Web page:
A study of 377 children with "clinically elevated attention deficit or depressive symptoms" found no connection between videogaming habits and increased bullying or violent behavior.
It's a widely-held perception that even if videogames don't pose a threat to most people, they can push people with pre-existing conditions over the edge. But in "Video Game Violence Use Among 'Vulnerable' Populations: The Impact of Violent Games on Delinquency and Bullying Among Children with Clinically Elevated Depression or Attention Deficit Symptoms," researchers Christopher J. Ferguson, an associate professor at Stetson University, and Grand Theft Childhood author Cheryl K. Olson come to the opposite conclusion.
"We explored this issue with 377 children (62% female, mixed ethnicity, mean age=12.93) displaying clinically elevated attention deficit or depressive symptoms on the Pediatric Symptom Checklist," the research abstract states. "Results from our study found no evidence for increased bullying or delinquent behaviors among youth with clinically elevated mental health symptoms who also played violent videogames. Our results did not support the hypothesis that children with elevated mental health symptoms constitute a 'vulnerable' population for videogame violence effects."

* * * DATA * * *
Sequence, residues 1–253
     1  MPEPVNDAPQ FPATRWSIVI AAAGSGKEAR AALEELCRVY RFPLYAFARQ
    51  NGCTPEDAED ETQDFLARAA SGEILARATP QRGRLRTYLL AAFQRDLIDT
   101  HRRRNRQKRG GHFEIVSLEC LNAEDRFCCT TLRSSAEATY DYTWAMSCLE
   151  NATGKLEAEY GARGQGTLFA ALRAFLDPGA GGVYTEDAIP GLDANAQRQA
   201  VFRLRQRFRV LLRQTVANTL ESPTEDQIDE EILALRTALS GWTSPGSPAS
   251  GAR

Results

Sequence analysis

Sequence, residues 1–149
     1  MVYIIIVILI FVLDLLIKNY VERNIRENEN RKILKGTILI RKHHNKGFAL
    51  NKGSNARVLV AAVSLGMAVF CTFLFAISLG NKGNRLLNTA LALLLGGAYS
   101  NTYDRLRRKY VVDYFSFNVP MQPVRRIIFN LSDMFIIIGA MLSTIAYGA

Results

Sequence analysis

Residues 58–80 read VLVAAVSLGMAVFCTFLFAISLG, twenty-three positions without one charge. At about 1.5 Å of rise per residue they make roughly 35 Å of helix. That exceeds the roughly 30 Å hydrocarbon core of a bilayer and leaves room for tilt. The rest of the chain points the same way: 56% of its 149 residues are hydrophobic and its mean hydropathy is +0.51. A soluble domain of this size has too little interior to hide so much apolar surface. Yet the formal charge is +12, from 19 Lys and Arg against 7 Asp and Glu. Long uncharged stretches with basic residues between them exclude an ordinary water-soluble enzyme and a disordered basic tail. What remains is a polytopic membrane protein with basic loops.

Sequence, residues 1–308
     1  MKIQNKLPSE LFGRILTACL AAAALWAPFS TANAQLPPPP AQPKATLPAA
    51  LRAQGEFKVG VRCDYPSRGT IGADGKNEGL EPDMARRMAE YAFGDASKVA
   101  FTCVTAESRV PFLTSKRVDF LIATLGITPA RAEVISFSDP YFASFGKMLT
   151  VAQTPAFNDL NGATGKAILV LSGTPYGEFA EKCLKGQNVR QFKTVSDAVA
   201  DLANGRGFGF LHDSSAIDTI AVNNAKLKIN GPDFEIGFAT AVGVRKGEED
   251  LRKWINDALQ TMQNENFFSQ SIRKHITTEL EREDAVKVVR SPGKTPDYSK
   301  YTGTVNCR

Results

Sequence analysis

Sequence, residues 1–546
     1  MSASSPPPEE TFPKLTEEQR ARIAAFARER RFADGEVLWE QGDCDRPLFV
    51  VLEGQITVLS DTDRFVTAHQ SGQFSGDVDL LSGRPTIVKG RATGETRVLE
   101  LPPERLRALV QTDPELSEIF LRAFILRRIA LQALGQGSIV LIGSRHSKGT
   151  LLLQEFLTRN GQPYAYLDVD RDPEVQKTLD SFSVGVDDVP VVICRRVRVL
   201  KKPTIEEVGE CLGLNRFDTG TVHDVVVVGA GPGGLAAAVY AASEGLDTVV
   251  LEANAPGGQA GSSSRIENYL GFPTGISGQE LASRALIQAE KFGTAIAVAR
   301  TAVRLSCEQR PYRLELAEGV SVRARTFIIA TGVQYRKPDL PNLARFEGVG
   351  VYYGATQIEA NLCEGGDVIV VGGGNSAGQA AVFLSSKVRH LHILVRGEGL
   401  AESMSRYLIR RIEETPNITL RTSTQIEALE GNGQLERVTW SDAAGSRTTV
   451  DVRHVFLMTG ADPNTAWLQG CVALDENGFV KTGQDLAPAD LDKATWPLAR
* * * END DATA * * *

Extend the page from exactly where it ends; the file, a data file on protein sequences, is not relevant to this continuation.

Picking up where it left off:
That's far from the last word on the matter and Ferguson told GamePolitics that he wouldn't make too much of the study's finding that violent games can actually have a "very slight" calming effect on teens with attention deficit symptoms. "But there's been a lot of speculation about whether certain kids represent an at-risk population for violent videogames. This initial study suggests that, at least for kids with depression or attention problems, that isn't the case," he said. "It would be good for further studies to examine this in other populations of kids, but at least at this point such speculation about at-risk populations is just that...speculation."